Kerl’s Emperor, though a dignified stage presence, made no clear impression of person or anguish in Acts I or II—the scene where he considers which weapon to use to kill his apparently treacherous wife should touch our hearts. His voice, which seems to have the proper range for Strauss (he was last heard here as Menalas in Aegyptische Helena), was pleasant when he, too, sang from the stage apron.

The Nurse (Amme) was sung by Hungarian mezzo Ildikó Komlósi, who has given us an intriguing Herodias in seasons past. She is a handsome woman and an effective, enthusiastic actress, full of the right sly and hypocritical gestures, but her sizable mezzo was not in perfect control. Notes slipped out of tune or could not be held to a firm line. The Nurse is as strange a character as even von Hofmannsthal and Strauss ever concocted, and her music is extreme as her jagged, ironical, desperate personality, but this performance did not fill the bill on lyrical grounds. If she was portraying her character’s cross-purposes, it was not a very musical portrayal.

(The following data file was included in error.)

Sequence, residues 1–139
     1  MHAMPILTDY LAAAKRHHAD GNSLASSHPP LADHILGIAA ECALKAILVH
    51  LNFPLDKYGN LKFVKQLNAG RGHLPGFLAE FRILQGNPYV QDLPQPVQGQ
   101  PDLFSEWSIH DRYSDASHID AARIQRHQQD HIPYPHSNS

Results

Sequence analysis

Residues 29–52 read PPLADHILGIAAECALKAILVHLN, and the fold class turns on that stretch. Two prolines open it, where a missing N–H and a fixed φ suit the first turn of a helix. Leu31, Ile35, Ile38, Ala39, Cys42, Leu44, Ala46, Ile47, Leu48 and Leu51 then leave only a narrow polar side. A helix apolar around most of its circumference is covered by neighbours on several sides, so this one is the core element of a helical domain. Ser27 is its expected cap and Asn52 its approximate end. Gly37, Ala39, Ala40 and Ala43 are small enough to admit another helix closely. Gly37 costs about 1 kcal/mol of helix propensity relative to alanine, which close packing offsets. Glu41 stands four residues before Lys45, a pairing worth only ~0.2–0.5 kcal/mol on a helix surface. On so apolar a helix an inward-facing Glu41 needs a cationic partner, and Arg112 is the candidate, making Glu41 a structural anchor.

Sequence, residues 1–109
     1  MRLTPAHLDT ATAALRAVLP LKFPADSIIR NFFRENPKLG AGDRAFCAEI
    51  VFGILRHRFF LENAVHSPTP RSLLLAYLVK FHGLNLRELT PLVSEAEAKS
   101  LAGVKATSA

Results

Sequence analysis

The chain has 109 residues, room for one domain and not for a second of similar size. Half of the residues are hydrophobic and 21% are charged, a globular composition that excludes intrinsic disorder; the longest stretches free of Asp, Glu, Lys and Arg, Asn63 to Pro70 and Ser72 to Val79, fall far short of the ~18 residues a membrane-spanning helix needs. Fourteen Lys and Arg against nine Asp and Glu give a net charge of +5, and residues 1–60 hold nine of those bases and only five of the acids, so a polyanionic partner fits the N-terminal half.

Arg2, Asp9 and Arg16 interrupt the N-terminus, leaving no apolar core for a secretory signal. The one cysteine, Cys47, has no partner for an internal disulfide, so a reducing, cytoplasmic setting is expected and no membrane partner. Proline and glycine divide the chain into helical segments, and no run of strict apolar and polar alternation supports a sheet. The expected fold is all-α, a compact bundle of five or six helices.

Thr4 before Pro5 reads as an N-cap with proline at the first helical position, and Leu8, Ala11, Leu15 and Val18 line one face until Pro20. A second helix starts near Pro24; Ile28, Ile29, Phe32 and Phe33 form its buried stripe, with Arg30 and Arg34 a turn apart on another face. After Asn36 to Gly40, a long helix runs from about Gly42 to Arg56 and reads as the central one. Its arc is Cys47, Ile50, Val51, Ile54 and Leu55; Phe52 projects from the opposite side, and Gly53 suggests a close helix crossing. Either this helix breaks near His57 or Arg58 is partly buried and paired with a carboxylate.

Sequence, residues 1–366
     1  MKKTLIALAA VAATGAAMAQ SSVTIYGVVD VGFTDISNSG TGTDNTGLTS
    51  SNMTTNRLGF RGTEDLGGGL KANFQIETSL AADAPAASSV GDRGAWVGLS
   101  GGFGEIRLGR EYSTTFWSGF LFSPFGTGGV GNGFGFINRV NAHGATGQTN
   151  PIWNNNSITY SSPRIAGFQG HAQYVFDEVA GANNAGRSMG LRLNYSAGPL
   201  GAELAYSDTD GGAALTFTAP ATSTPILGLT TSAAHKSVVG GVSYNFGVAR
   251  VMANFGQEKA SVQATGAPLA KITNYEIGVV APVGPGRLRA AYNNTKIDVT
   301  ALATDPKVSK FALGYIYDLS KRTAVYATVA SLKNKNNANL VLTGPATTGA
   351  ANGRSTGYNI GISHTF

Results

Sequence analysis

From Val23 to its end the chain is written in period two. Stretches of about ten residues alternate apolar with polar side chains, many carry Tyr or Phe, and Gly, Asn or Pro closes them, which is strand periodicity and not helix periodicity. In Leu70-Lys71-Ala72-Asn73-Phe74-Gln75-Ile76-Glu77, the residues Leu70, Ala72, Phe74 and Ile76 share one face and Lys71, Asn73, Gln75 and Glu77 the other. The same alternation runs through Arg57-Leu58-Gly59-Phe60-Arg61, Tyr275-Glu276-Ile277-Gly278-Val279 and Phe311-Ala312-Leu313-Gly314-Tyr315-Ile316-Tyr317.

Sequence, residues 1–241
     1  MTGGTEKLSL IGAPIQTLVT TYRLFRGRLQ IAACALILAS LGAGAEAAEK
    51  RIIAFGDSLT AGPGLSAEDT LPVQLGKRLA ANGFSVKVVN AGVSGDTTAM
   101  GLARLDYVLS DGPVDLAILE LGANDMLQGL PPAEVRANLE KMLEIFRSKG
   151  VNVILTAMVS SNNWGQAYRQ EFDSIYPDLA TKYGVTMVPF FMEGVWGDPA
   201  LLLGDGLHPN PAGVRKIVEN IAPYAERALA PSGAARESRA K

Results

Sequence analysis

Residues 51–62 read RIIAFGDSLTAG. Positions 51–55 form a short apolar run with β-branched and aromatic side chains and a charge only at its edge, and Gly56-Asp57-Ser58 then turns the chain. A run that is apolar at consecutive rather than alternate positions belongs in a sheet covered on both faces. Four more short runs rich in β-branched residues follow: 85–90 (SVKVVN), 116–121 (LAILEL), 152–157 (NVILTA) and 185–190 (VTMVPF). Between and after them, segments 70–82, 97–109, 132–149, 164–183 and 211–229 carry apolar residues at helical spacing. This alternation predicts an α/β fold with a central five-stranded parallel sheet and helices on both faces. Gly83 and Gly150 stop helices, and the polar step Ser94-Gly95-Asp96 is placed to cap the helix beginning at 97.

Johan Reuter sang Barak with a warm, firm sound and an excellent command of Straussian line, matched by his acting. Richard Paul Fink’s Messenger of Keikobad was imposing and sturdy. Jennifer Check filled the house as the vocal aspect of the wounded Falcon. Andrey Nemzer, a countertenor, sang the Guardian of the Threshold. His costume was identical to Mr. Fink’s; it was a charming shock to hear an alto voice emerge from it. Microphones carried the voices of the unborn children and the illusory boyfriend, in ways that did not sound mystical but, frankly, electronic, and the ladies in waiting conjured by the Nurse from thin air lacked languor.

Vladimir Jurowski conducted the score, uncut—as was never true with O’Hearn-Merrill; Christian Thielemann was the first to open Karl Böhm’s excisions. Most of the restored passages have to do with the Nurse’s malice and the Dyer couple’s longing, and it is good to have them back with Goerke and Reuter to sing them. Jurowski has led this opera in many houses and knows how to display its high points and when to let the brass and drums go wild (during the interludes).

Some pensive passages seemed a bit rushed where one was used to more time to let the feelings hidden in its embracing themes reveal themselves. (The opera takes four and a quarter hours, with intermissions.) Jurowski’s skill showed itself best when the imperial couple were pushing themselves to be audible; he held back and allowed them to shine through. I’m sure they were grateful to have him. The whole cast seemed in fine fettle for their standing ovation.

Photo: Ken Howard/Metropolitan Opera